Jesse De La Pena sat down with Gramaphone owner Michael Serafini to talk about the cultural significance of record stores, how the store weathered the pandemic, and whether the loyal record store has reaped the benefits of the current vinyl resurgence.
Jesse De La Pena: What do you think of the role that record stores play in culture, mainly in Chicago?
Michel Serafini: The role of record stores is an experience that [involves] a person’s five senses – your visual, your oral, your scent, your smell. You walk into a record store and there is a smell that you smell from records. There’s the visual, meaning the recordings themselves physically, or the design or artwork displayed in the store, and the social interaction between the people who shop.
There is always the customer who never wants to talk to anyone, the person who starts chatting with another person or has questions for you. Even if there [are] online algorithms that can help a person to make purchases, it [are] always people saying, “Oh, thanks for the recommendations. I wouldn’t have even thought about it or found this if I had been shopping online. ”
It’s definitely an experience for some people who aren’t just in the digital realm if they are looking for something physical for themselves that relates to music and art.
Change over time
How’s the store? It has been a while since I entered.
Overall the store is doing better. It’s actually decent. Much of it is fueled by tourists who have not traveled since the pandemic and who are arriving, [saying] “I’ve been here for two years, it’s been a year and a half.”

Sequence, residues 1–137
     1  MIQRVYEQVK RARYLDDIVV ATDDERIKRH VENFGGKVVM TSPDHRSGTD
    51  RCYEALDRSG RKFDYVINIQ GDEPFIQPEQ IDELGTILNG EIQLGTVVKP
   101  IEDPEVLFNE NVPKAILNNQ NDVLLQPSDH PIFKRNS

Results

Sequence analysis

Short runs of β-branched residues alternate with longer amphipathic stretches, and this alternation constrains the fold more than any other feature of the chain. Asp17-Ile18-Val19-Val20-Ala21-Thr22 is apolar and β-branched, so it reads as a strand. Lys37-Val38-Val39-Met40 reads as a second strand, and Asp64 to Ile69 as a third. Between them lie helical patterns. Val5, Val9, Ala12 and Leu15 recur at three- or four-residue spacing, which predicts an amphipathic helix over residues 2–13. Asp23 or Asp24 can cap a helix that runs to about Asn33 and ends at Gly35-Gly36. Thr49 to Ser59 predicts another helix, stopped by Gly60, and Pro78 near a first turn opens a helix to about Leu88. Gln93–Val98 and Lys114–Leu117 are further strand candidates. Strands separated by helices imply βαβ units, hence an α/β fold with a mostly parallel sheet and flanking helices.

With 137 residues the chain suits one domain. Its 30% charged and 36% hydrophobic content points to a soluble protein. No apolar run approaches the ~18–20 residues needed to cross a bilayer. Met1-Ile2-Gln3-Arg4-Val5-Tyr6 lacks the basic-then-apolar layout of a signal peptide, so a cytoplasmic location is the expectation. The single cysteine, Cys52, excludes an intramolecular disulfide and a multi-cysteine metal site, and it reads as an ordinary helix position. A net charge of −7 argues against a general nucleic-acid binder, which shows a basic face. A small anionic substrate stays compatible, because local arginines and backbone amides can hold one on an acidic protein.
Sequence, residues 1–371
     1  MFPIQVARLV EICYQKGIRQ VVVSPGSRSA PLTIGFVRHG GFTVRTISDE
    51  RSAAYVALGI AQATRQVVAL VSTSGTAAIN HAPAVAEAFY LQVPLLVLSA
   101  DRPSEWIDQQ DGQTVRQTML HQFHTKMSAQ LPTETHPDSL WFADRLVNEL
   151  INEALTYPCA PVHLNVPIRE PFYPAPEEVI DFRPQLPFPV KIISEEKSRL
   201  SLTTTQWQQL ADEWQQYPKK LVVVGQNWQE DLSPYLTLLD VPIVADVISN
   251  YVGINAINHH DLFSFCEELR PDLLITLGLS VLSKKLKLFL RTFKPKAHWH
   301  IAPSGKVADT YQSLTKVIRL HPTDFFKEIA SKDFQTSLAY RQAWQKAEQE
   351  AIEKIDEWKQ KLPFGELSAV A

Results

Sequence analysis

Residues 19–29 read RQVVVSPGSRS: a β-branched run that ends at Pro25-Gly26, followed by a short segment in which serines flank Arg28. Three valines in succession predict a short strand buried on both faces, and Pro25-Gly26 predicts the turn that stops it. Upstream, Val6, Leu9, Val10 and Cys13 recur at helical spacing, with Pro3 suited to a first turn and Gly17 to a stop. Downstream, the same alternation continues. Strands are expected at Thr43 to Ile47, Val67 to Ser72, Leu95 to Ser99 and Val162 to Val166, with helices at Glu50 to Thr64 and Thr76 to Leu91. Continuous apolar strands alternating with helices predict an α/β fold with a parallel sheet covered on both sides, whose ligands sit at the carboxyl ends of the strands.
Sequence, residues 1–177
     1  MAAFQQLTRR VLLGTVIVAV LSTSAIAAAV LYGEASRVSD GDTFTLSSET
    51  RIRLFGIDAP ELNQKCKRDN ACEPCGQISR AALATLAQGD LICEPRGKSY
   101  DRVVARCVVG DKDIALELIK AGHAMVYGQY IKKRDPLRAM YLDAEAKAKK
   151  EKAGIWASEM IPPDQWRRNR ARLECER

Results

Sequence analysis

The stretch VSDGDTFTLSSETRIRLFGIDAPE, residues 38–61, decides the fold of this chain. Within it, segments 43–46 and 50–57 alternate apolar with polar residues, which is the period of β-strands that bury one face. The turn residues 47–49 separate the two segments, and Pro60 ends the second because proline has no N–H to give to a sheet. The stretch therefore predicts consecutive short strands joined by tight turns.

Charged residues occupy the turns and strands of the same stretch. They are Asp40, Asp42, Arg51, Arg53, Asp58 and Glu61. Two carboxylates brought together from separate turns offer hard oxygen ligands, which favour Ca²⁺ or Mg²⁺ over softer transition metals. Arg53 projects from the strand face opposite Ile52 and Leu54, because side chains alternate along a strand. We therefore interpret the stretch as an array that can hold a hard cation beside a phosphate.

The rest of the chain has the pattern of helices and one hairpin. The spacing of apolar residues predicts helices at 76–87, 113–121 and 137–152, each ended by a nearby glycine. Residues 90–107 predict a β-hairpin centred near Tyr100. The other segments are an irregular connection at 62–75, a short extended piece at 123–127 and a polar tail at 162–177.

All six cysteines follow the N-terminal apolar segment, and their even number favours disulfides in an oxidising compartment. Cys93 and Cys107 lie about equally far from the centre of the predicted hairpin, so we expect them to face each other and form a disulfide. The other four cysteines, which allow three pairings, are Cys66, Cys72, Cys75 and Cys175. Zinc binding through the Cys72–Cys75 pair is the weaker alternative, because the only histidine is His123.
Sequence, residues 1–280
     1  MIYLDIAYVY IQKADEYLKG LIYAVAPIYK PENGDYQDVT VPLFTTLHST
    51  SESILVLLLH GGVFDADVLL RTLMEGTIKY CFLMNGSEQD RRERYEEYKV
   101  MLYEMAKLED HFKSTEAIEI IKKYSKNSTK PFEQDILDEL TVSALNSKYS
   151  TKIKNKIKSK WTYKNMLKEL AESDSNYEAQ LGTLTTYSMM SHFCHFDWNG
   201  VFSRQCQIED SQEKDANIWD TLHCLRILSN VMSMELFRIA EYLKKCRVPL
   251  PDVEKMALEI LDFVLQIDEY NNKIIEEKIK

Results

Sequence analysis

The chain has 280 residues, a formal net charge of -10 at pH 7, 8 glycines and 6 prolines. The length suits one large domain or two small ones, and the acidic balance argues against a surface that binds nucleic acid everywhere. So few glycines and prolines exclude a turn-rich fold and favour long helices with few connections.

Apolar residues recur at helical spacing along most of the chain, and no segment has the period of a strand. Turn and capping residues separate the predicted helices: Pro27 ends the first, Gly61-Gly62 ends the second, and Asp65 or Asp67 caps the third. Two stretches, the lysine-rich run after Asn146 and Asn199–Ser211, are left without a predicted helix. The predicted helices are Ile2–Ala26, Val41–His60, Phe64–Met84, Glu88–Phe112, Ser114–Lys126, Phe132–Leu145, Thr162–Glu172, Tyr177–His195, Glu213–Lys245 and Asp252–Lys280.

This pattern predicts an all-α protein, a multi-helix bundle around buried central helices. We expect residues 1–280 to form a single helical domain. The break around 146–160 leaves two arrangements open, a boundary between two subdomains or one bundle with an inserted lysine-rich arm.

[With] Local DJs, there hasn’t necessarily been a slight increase in their coming to the store. During the pandemic, locals helped us by shopping online and collecting, even though it was a few disks. Clubs are opening now, but clubs are digital. It’s not really a vinyl scene.
The restaurants [and] bars, a bunch of them closed during the pandemic. Some of them have reopened so there are locals having live music at the local restaurant bar. There is a new hotspot that everyone will visit, the Podlasie. It’s that Polish bar on Central Park and Milwaukee. It used to be a Polka bar, about four old Polish guys sitting at the bar. Alexander [Zera], who used to work at Gramaphone and now works at Smartbar, he’s 80 in a 29-year-old body, he found the place.
The whole game changed after [the] pandemic and mode of purchase [vinyl] …
Well, that was changing before that. Things are certainly better, but I [also have a] rudimentary staff. Not having someone else to pay helped, but I do it all, man. I order, I do everything. And it’s crazy because, especially with the disruption of distributors in the record business, I buy from Bandcamp pages, from artists, from labels, from overseas distributors, from distributors in the United States. It’s crazy. I don’t even know how I keep track of it all. The pandemic has definitely had an impact.
Is there anything else you would like to add about how it has changed or how you have adjusted it?